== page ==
Q. I’m up and going by?
A. I am up every morning around 6:30 a.m., drink a cup of coffee, watch the morning news, a show or two, then get up and off to the office. I may handle several calls before I leave home.
Q. What famous person would you like to meet, and Why?
A. The president of the United States because of his accomplishments. He has shown us that you can be what you want to be in this country if you work at it and influence enough people.
Q. Favorite hobbies or activity outside work?
A. Playing table-top games with the family, traveling, driving through the countryside and playing the keyboard and the guitar.
Q. If you could take back one business decision you made in your career, what would it be?
A. I purchased an abandoned service station and turned it into a Laundromat. I literally lost my shirt. At that time, the rent-to-own business was just coming up. Instead of people using Laundromats, they were choosing to rent with the hopes of owning the appliance. I had to shut down the Laundromat, losing thousands of dollars. That taught me to do research and crunch the numbers before stepping out into a business.
Q. Best thing about your job?
A. I get the opportunity to meet new people — the movers and shakers of our community.
Q. Worst thing about your job?
A. The job never ends. In the professional real estate, you don’t get off work.
Q. The most beneficial course I took in school was?
A. Introduction to business and accounting.
Q. What would be your dream job if you were able to pick a position outside your current career path?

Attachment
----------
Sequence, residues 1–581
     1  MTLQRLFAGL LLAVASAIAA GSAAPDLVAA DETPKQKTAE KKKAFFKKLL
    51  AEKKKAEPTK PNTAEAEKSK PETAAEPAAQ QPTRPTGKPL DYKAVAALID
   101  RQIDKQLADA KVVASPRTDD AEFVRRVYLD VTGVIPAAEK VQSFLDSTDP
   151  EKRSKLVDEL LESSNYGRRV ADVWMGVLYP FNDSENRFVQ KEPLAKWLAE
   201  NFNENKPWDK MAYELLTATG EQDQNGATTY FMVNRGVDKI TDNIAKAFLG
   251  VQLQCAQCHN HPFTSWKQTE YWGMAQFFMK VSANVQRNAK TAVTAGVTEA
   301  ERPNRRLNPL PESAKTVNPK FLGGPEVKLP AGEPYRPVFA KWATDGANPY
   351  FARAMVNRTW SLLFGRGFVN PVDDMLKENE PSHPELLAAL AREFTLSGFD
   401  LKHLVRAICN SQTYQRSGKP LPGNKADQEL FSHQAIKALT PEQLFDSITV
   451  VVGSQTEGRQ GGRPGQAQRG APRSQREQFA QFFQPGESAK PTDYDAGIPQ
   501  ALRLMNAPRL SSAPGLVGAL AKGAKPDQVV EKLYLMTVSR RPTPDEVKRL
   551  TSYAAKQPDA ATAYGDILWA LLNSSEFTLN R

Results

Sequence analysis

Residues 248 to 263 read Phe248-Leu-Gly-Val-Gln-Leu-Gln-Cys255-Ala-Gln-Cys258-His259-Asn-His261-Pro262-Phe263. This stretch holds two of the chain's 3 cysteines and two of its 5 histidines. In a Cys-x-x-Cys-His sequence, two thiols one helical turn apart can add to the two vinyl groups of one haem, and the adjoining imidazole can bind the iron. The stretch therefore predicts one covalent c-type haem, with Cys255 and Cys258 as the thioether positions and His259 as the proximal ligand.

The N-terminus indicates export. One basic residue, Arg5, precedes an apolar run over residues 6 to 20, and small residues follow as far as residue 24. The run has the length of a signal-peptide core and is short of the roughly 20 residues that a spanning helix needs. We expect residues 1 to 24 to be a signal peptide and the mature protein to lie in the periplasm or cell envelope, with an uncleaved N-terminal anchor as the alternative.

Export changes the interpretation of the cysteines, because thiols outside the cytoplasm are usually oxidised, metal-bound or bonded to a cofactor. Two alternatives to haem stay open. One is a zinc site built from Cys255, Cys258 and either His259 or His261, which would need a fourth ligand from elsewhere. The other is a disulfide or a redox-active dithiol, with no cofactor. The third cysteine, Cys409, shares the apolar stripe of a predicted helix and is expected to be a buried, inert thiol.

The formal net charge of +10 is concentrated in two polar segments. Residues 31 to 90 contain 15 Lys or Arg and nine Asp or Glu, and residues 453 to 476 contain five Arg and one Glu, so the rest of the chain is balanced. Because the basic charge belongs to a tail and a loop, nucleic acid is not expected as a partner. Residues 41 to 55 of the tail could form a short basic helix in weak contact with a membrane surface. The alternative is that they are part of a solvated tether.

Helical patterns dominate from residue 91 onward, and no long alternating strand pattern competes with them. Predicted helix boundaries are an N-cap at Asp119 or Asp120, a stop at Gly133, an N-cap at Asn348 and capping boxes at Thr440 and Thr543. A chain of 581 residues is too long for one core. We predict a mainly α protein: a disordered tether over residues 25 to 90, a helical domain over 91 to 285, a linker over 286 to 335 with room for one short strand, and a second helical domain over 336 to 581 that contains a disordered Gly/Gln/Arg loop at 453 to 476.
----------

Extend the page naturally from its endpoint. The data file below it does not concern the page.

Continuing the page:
A. Building contractor.
Q. Finish this thought; “on the first anniversary of my retirement, I see myself…
A. I really can’t see myself retiring from real estate at this time. However, being the pastor of Vision Anew Ministries, I hope to become a full-time minister.
Q. Crystal ball time: What’s your call on when the economic recovery for our area will be in full swing?
A. I am seeing and sensing a rebounding of the economy. Real estate sales are starting to pick up slowly, but there is some activity. Homes are being sold, investors are active again, prospective homebuyers are asking questions and working to improve credit scores. By the beginning of 2013, the economy should really be swinging and spiraling upward.
Q. What kind of music might I find on your list of most played on your iPod?
A. Gospel, Motown sound and jazz.
Q. What do you think is the biggest change Albany will see in the next 10 years?
A. I think there will be more entrepreneurs in the coming years. Small businesses already make up well over 70 percent of the economy today. Because income will be directly tied to hard work and efforts, I expect customer service to improve. Consumers will gain an appreciation for and respect for having to work to have the things one wants and there will be an awareness of the value of a dollar and how it is earned.
Q. What was the best vacation you’ve ever taken? Why?
A. A trip to Louisville, Ky. The summer weather was nice. The youth conference I attended was very encouraging and the drive was great.
Q. What are the biggest changes you have seen in your specific line of business over the past few years?
A. Home affordability and bank lending. Many homeowners have lost the hope of the American dream of owning a home. To some, that dream seems so far away. I hope to help light the fire and spark that dream again because ownership of real estate is the true measure of wealth.